You may be aware that having any form of body corporate debt excludes your vote from any minor or major decisions at executive committee meetings, most unit owners don’t realise how easy it is for a simple mistake to land them with a body corporate debt.
Blogger: Andrew Staehr, Archers Body Corporate Management
The legislation says “If the owner of a lot owes a body corporate debt at the time of the meeting, he or she does not have the right to exercise a vote for a particular lot unless the motion requires a resolution without dissent (SM. S84)”.
A recent adjudicators order by the Body Corporate Commissioners Office found that even if a lot owner owes $0.01 as a debt to the body corporate, they are not permitted to vote at a general meeting.
Whilst the adjudicator considered it “harsh for someone to be deprived of their vote just because they unwittingly underpaid their levies by a tiny amount” they ruled that there is no discretion to allow a vote to be counted when a body corporate debt is owing.
Legislation also does not require the committee to contact owners to let them know of any arrears prior to a vote which means that even a slight error in your financial calculations can have the consequence of your vote being dismissed entirely.
Because of this, owners should always round up (not down) when paying the levy amount. It is also worthwhile to check with the executive committee prior to any major meetings to ensure your finances are in order and you do not have any minor debts that could get in the way.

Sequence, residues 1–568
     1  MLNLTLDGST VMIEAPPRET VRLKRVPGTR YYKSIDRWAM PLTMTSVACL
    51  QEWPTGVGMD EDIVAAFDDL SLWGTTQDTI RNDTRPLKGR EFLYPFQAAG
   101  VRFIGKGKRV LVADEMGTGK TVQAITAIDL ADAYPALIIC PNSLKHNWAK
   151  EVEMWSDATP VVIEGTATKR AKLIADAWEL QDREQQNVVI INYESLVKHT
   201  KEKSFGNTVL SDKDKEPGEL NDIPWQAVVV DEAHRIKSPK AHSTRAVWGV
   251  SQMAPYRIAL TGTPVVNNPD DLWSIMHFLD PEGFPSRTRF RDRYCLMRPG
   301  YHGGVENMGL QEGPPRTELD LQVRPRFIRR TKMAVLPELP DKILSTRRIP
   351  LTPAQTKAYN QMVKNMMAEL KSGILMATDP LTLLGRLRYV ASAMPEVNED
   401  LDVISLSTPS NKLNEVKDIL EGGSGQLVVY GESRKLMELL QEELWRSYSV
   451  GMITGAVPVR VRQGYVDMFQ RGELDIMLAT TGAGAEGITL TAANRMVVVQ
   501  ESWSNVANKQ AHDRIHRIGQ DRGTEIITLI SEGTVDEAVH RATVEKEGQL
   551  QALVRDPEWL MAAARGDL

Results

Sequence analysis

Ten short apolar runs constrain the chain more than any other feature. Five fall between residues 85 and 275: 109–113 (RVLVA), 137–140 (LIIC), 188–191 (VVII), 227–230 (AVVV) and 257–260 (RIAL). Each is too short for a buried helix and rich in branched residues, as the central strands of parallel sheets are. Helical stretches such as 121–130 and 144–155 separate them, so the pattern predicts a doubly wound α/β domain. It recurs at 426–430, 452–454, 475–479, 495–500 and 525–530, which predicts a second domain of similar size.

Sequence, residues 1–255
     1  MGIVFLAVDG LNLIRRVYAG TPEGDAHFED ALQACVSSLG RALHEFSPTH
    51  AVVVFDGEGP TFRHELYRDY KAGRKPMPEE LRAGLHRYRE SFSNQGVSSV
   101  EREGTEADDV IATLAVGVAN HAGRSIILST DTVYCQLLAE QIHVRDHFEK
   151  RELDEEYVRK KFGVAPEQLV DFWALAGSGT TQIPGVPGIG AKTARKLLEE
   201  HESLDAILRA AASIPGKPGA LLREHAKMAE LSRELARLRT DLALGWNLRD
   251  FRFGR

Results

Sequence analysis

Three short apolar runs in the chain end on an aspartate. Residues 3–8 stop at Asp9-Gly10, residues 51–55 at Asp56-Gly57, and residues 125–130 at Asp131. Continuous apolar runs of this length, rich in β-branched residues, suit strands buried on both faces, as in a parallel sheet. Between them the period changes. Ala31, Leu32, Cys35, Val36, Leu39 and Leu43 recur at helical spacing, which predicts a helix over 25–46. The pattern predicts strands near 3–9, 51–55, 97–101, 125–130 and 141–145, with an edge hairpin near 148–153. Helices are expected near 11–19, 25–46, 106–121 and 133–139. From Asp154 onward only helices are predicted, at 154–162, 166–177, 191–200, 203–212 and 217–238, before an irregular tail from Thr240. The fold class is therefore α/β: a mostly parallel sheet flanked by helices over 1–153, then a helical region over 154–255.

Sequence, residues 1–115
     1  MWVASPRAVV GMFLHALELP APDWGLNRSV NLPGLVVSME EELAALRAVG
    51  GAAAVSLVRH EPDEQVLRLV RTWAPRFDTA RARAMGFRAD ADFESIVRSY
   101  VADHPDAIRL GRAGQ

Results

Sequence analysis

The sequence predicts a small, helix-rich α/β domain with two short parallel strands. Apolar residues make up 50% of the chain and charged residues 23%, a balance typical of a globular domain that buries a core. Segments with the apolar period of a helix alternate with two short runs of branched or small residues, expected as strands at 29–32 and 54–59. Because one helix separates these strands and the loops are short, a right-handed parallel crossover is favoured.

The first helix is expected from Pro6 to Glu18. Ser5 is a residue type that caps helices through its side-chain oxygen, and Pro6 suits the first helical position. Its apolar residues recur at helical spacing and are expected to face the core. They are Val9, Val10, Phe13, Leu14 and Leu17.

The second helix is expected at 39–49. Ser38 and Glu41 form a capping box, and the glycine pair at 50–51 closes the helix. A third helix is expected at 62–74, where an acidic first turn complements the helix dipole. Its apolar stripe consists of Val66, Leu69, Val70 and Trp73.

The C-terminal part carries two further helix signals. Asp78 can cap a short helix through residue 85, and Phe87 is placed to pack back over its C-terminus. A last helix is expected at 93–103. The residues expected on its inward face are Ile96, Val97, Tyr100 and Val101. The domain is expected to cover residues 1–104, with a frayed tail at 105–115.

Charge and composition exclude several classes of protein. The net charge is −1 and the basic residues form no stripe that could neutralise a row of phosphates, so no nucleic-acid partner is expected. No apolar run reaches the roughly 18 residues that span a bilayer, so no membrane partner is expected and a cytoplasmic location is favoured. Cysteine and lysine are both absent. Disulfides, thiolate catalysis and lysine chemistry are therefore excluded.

If you own a unit, make sure your vote counts by staying on top of your finances, ensuring everything is paid on time and you are up to date.
If you want to check out the adjudicator’s order in the case where $0.01 debt to the body corporate lost one owner the right to vote, click here.
My advice for anyone who is a voting committee member:
• Always round up when calculating your finances to avoid accidentally ending up in arrears
• Confirm your finances prior to any meetings and double-check with the committee that you do not owe any money to the body corporate
• Check the dates of your payments closely to make sure the money is paid on time.
About the Blogger
Andrew has been involved in the property management industry since 1999 and has worked for Queensland’s most respected body corporate and strata management firm, Archers Body Corporate Management since 2002. He is an expert on all operational matters concerning body corporate and strata title communities.
Andrew is a regular media commentator on topics of interest to residents, investors, owners and managers of body corporate properties. He holds a Certificate IV in Body Corporate Management, is a Member of Strata Community Australia (SCA), the Urban Development Institute of Australia (UDIA) and the Australian Resident Accommodation Managers Association